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Anatomy of a munia’s nest

on 18th April 2008

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Tan Teo Seng brought me an abandoned bird nest from his fruit farm in Kota Tinggi, Johor recently. Measuring 300 x 130 mm, it is firmly lodged between the narrow forking twigs of a jambu (Syzygium sp.) plant that grew around the farm (above).

When examined closely, it was found to be made up of two components (below).

The nest itself is an oval structure, 80 x 60 mm, with a small round opening of 35 mm diameter near the top (above, below right). Overhanging the opening is a porch, not very prominent and slightly downward pointing.

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The nest has a small oval chamber of 80 x 60 mm that is placed slightly higher, such that the upper roof is 60 mm thick while the base is 80 mm thick (below).

This oval nest sits smugly on a mass of leafy materials that fill up the narrowing end of the slender branches making up the fork (above left).

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The external nest is made of mainly dried bamboo leaves, interspersed with slender grass stems and inflorescence branches, like Panicum sp. The porch is of mainly grass inflorescence branches.

Field ornithologist Wang Luan Keng identified it as a nest of a munia. I checked with Wells (2007) and the closest fit is that of White-rumped Munia (Lonchura striata). However, Restall (1996) describes the entrance to the nest as “low down on one side…” versus “end entrance” in Wells as well as in the collected specimen. Both authors do not mention that the nest is made up of two components.

YC Wee & Tan Teo Seng
Singapore
April 2008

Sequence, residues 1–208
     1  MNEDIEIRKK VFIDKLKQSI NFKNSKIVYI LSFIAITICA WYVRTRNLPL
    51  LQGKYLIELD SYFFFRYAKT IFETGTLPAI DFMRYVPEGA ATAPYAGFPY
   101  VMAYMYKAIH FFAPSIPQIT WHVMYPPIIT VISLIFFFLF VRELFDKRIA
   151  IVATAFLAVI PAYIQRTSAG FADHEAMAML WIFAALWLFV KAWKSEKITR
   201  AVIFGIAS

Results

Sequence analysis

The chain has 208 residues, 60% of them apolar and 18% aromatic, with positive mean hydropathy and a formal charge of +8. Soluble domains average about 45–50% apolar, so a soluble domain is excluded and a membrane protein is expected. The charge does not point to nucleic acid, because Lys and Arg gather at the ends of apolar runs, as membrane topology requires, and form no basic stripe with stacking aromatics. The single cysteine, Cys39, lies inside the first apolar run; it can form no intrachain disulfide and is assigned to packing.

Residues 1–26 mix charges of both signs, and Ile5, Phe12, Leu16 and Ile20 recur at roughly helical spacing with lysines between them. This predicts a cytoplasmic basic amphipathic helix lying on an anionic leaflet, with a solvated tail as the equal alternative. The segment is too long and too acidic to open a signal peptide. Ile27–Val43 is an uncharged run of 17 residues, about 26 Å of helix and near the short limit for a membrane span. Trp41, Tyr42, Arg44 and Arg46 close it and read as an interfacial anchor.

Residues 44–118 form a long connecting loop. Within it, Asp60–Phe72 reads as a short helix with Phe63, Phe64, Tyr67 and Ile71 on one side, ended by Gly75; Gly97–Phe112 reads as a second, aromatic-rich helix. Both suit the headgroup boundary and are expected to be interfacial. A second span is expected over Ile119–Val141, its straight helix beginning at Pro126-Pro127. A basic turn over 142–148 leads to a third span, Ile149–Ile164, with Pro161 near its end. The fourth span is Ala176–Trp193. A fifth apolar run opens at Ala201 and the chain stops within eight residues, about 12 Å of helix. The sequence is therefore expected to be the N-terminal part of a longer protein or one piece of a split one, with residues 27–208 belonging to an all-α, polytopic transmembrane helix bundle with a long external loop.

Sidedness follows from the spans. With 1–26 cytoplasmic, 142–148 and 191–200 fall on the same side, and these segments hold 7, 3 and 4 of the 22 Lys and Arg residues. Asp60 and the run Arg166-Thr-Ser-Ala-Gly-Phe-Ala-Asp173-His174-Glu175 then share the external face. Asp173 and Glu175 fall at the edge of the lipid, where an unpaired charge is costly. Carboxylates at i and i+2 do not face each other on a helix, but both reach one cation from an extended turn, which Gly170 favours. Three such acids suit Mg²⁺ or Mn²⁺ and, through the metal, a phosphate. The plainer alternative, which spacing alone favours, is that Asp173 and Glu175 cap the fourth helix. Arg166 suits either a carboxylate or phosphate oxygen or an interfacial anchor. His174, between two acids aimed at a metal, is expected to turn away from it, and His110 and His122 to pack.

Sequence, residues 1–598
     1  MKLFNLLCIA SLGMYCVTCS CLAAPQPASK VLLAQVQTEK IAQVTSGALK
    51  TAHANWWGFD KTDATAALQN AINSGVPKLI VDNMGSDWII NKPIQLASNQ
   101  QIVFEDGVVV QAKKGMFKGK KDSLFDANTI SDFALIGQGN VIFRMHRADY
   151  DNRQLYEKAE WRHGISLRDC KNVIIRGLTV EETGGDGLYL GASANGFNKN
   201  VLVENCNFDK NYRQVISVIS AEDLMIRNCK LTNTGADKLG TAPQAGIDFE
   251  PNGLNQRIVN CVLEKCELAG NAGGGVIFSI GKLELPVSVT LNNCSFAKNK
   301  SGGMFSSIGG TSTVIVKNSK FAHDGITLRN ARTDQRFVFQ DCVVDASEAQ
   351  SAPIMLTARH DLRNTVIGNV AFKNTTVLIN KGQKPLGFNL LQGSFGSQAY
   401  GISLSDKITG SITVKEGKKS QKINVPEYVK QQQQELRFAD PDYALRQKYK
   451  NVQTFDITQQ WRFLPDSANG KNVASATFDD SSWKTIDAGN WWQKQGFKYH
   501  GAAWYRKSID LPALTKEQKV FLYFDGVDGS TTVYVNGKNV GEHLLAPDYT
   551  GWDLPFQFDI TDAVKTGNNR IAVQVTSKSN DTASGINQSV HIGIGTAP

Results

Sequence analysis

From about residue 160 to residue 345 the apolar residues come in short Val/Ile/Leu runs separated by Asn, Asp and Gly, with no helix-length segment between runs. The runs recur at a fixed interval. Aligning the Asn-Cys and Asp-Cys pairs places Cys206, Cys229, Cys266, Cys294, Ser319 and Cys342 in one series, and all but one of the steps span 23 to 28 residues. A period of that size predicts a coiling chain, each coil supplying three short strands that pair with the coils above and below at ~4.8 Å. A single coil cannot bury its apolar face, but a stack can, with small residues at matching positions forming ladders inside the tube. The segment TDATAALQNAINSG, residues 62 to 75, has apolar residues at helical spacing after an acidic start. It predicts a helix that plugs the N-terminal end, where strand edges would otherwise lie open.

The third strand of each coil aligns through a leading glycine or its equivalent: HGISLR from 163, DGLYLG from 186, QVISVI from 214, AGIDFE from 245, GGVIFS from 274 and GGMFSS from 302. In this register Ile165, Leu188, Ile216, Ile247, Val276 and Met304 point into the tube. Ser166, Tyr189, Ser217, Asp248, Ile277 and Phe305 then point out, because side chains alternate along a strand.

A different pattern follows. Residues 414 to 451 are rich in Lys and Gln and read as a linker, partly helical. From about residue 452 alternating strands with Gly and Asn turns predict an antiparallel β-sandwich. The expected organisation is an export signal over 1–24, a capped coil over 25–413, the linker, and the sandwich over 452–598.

References:
1.
Restall, R. (1996). Munias and mannikins. East Sussex: Pica Press.
2. Wells, D.R. (2007). The birds of the Thai-Malay Peninsular. Vol. II, Passerines. Christopher Helm, London.

If you like this post please tap on the Like button at the left bottom of page. Any views and opinions expressed in this article are solely those of the authors/contributors, and are not endorsed by the Lee Kong Chian Natural History Museum (LKCNHM, NUS) or its affiliated institutions. Readers are encouraged to use their discretion before making any decisions or judgements based on the information presented.

YC Wee

Dr Wee played a significant role as a green advocate in Singapore through his extensive involvement in various organizations and committees: as Secretary and Chairman for the Malayan Nature Society (Singapore Branch), and with the Nature Society (Singapore) as founding President (1978-1995). He has also served in the Nature Reserve Board (1987-1989), Nature Reserves Committee (1990-1996), National Council on the Environment/Singapore Environment Council (1992-1996), Work-Group on Nature Conservation (1992) and Inter-Varsity Council on the Environment (1995-1997). He is Patron of the Singapore Gardening Society and was appointed Honorary Museum Associate of the Lee Kong Chian Natural History Museum (LKCNHM) in 2012. In 2005, Dr Wee started the Bird Ecology Study Group. With more than 6,000 entries, the website has become a valuable resource consulted by students, birdwatchers and researchers locally and internationally. The views and opinions expressed in this article are his own, and do not represent those of LKCNHM, the National University of Singapore or its affiliated institutions.

Other posts by YC Wee

5 responses

  1. Thanks for the confirmation, Weng Chun. The porch does not show properly in the images. It consists of a few wispy strands of inflorescence branches jutting out of the nest entrance.

  2. Pingback: anatomy references

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